The differences between each rendering method, and when to use them
BRIO now has 2 rendering engines to choose from to create your 3D scene: the default Real Time engine; and the new Ultra Render engine, which produces highly realistic results using GPU path tracing. With the addition of Ultra Render also comes the option of light baking, a technique that allows you to reproduce the high quality look of a path traced scene in the real-time engine.
The right rendering option for you will depend on how you intend to share your scene, as well as the graphics capabilities of your computer.
Real Time Rendering
RT is the default render engine. As the name implies, this engine renders graphics quickly, allowing for animations to be viewed in real time, and letting you see changes almost immediately as you work.
When to use Real Time Rendering:
- If your computer has a GPU of less than NUMBER NEEDED
- You want your scene to be viewable on mobile devices, or you plan to share it widely online
- If your scene contains animation
- If your scene is interactive (viewers will be navigating the 3D space and viewing from various angles)
Ultra Render uses GPU path tracing, a rendering technique that simulates the behaviour of real-world lighting to create highly realistic results.
How it works:
Put simply, the ultra render engine traces light along a path from the camera lens to where it hits a surface. It then calculates all direct and indirect light contained in that path the same way it would be processed by the human eye. This technique produces extremely realistic light, shadows, and reflections. It is also more effective at rendering translucent materials.
However path tracing takes longer than real-time rendering and requires much more computational power. Plus (since the engine traces paths from the camera lens to a surface to create the render), the engine will need to re-render the scene in the viewer every time the camera is moved or the scene is modified. For this reason, Ultra Render is best for rendering high quality still images rather than interactive scenes.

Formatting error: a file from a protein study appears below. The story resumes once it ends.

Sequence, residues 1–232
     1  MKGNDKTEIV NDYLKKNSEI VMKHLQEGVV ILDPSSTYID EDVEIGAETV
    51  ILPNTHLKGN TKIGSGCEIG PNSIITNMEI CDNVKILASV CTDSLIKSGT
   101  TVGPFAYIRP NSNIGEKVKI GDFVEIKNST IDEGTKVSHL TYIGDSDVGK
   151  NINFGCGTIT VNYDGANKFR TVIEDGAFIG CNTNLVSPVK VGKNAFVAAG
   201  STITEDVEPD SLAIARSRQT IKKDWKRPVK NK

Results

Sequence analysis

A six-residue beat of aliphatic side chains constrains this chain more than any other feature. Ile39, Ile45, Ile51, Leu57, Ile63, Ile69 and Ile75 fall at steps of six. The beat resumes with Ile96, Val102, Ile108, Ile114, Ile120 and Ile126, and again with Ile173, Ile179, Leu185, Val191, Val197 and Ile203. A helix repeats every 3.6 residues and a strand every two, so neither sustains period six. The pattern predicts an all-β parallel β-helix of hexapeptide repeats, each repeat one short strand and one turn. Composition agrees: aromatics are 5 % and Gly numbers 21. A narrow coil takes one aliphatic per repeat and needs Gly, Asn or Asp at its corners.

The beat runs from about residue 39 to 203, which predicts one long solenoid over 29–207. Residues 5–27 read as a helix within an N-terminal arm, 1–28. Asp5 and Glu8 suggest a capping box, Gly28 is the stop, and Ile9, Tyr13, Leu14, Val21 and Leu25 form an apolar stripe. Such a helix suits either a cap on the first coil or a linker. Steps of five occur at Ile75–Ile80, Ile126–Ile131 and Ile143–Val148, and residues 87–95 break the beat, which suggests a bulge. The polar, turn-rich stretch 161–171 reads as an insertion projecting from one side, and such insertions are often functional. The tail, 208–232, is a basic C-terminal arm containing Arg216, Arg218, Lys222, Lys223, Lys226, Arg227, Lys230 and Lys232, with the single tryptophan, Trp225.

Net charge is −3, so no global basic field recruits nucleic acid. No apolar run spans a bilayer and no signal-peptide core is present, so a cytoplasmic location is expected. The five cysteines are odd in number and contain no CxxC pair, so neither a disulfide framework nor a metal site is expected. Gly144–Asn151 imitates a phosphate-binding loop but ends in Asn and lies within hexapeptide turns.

When to use Ultra Render
- When your computer has a GPU of over: NUMBER NEEDED
- When you are only sharing your scene with viewers who are also using high powered computers (such as an internal design review)
- When you are rendering a still image (ie. product shot) and want photorealistic lighting and textures.
Ultra Render Workflow
Light baking is a technique that will allow you to achieve the realistic look produced by path tracing in a way that can be viewed in the real time render engine. This means your scene will have nearly the same photorealistic quality, but will be viewable on a wider range of devices, allow for interactivity, and perform much faster.
How it works
Without light baking, lighting is rendered by calculating the effects of a light source on its surroundings it in real time. This is an expensive process for your computer, especially in scenes with multiple lights.
Light baking calculates the effect of lights on the textures in your scene, then creates new textures with those lighting effects mapped on - ie. added shadows, changes in colour, etc. It then replaces the textures in your scene with these new textures, or “lightmaps”. Now surfaces will look like they have light cast on them, when in reality the lightmaps have simply created an optical illusion, and the lights can be deleted from the scene without impacting the appearance.
Scenes with baked lights look more realistic and perform faster. However, this method works best for static scenes as opposed to animations, since light maps are fixed and capture only one postition.
When to use light baking
- You want your scene to perform well on all devices, including mobile
- When you want to present a highly realistic interactive 3D scene
- You to publish an AR scene with ultra render quality
- Your scene uses minimal to no animation